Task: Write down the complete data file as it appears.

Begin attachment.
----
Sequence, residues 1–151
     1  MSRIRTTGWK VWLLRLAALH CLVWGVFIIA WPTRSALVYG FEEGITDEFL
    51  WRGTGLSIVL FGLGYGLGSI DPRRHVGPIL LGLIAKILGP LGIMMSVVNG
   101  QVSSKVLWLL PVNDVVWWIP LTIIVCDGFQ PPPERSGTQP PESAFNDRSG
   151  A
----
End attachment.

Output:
Sequence, residues 1–151
     1  MSRIRTTGWK VWLLRLAALH CLVWGVFIIA WPTRSALVYG FEEGITDEFL
    51  WRGTGLSIVL FGLGYGLGSI DPRRHVGPIL LGLIAKILGP LGIMMSVVNG
   101  QVSSKVLWLL PVNDVVWWIP LTIIVCDGFQ PPPERSGTQP PESAFNDRSG
   151  A